About a year later, I began experiencing a pain on the left side of my abdomen. It wasn't in my stomach, it was too high to have anything to do with my ovaries, and a battery of tests ruled out intestinal disorders. Having found nothing amiss, doctors concluded I was plain old constipated. "Eat more fiber," they said. And that was that.
Sixteen years later, the pain remained -- sometimes sharp, sometimes dull. I gave up trying to erase it long ago and instead learned to live with it. Back in high school, no one thought to consider that the discomfort might be related to my accident. But recently, I visited a naturopath who raised this possibility. So I began considering new ways to treat that old injury.
On the advice of a friend, I ended up at the Newton, Massachusetts, office of Julie Burke, a chiropractor who has practiced a technique called network spinal analysis (NSA) for nearly two decades. Founded in the early 1980s by chiropractor Donald Epstein and used by more than 400 chiropractors across the United States, NSA employs precise, gentle adjustments (no heavy cracking) to reduce tension on the nerve tissues caused by both physical and mental stresses.
Easing this tension allows the nervous system to function optimally and opens the "respiratory wave," the natural movement of the spinal bones that should occur with each breath. The resulting increase in energy and breathing capacity, say proponents, helps sustain all-around good health.
While Epstein developed NSA for use by chiropractors, there's debate over whether it's a chiropractic method or a separate healing discipline. (NSA isn't recognized as an approved chiropractic technique by some state boards, and some insurance companies don't reimburse for treatment.)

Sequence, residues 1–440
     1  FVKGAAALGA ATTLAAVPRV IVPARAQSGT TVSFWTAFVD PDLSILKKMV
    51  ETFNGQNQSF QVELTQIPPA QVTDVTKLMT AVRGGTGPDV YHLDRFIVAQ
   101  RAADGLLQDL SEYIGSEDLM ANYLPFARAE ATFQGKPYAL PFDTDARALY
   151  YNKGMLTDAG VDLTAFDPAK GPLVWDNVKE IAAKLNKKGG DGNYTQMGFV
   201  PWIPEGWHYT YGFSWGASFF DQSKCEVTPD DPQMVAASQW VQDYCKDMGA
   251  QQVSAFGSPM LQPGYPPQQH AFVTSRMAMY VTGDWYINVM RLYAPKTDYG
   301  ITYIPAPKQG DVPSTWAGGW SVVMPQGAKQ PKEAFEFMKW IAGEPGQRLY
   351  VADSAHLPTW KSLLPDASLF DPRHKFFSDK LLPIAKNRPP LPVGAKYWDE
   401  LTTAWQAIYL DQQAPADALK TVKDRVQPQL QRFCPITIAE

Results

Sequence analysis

While traditional forms of chiropractic rely on standard manual adjustments, practitioners of NSA use a different technique. "A chiropractic degree is required to study and practice NSA, but NSA must be seen as a different discipline," says Robert Cooperstein, director of technique and research at Palmer College of Chiropractic. Different or not, I'd heard enough good reports that I was eager to give it a try.
Having never been to a chiropractor of any kind, I had no idea what to expect from my first appointment. Before we began treatment, Burke used a computer-generated analysis to examine my posture and range of motion.
The results were fascinating -- and alarming. In normal position, my shoulders and neck were pushed forward from spending many hours working on a computer. The resulting "interference" on the nervous system might be affecting my digestion, causing my abdominal discomfort. What's more, my back displayed early signs of osteoporosis.
"But I'm only 31!" I said. "It's very common," Burke replied. "Few of us have perfect posture, and early signs of osteoporosis can begin in your late twenties." But as she explained it, just as having tires aligned on a car prevents wear, correcting posture imbalances now will help prevent long-term degeneration -- not to mention ease my immediate pain.